A Seattle man’s 19th-century quilts tell our story of slavery and freedom

Mollie Barnes had a story to tell and a message to share, originating from plantations and farms in Kentucky and Tennessee. Although Mollie was originally enslaved in the late 1850s, her continuing story was that of a newly freed woman. Mollie’s tale would be told and passed down through generations using the tradition of African American oral history and her beautiful quilts. Her message was intended for other enslaved people seeking freedom, her own children, and their descendants—all of whom would become free years after her passing.

Her great-great-grandson, Jim Tharpe, is now entrusted with the precious heirlooms. Tharpe aspires to share her story with the entire country through a traveling quilt exhibit, with a dream that the collection will continue to educate people for numerous decades. The story of Mollie and her family reflects the morality, bigotry and belief in a better future that have affected most black families that, like Tharpe, have origins in slavery.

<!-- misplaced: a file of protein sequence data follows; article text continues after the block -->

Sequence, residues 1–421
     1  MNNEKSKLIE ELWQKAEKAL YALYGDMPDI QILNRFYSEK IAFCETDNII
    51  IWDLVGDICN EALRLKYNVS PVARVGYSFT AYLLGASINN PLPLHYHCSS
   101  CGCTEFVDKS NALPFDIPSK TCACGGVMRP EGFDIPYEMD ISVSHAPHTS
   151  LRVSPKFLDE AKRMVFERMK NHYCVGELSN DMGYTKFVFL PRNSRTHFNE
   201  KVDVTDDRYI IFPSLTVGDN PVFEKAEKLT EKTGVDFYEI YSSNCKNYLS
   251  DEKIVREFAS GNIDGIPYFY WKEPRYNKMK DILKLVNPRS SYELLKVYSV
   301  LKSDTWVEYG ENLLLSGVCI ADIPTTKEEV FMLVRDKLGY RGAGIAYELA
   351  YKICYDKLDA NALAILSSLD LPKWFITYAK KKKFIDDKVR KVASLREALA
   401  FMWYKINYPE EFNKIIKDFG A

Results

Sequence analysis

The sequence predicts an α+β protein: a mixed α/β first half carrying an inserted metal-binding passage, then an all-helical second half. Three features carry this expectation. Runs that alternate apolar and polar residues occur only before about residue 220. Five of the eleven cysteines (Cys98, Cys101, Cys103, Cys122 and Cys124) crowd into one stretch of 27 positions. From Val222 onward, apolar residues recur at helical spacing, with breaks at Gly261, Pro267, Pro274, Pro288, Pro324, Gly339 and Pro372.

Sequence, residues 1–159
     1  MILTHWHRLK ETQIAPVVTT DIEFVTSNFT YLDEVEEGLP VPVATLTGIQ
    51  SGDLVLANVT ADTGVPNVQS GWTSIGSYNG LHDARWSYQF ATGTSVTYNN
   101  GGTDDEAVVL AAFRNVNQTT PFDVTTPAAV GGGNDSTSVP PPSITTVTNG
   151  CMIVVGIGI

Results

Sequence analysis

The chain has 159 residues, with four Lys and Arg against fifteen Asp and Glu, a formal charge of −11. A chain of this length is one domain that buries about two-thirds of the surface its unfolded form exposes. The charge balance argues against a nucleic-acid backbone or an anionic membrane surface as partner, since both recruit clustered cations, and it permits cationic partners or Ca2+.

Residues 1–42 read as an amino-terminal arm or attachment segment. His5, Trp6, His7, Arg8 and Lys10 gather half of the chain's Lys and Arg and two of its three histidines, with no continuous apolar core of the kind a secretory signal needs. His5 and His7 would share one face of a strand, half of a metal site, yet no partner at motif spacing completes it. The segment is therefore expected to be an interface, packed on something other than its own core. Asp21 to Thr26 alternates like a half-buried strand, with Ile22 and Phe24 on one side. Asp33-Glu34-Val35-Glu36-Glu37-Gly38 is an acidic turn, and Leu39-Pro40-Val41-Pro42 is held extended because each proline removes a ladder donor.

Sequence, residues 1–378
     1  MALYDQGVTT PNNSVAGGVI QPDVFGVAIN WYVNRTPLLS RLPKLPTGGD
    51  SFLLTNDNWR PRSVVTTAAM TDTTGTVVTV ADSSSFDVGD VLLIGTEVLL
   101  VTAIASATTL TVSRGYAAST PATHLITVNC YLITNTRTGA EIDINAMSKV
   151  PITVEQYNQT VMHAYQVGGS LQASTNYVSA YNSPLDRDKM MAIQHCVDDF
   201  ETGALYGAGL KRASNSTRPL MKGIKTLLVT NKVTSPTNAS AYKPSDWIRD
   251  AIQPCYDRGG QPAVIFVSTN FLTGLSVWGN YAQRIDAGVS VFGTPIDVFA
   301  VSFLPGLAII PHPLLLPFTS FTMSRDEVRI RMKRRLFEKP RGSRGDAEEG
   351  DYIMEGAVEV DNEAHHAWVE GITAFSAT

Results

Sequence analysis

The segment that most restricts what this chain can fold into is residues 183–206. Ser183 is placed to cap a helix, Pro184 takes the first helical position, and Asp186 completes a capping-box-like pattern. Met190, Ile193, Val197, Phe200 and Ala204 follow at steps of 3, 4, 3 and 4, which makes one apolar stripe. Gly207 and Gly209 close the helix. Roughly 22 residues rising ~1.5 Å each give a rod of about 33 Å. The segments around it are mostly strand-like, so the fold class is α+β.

Like Mollie, many other enslaved women were left with the task of creating quilts, items that historians believe had symbols and secret message maps to help guide people to escape slavery. The authenticity of his great-great-grandmother’s collection, dated from the 1850s to the 1870s, has been verified by an appraiser that met Tharpe in 2017 and a curator at the Tennessee State Museum in 2020.

After being freed, Mollie continued to make quilts, which were handed down to her daughters. Tharpe treats these quilts with the utmost care and respect as they tell the history of his family and the country. These quilts were created to reflect a legacy of hardship and perseverance, much like the overall history of African Americans.

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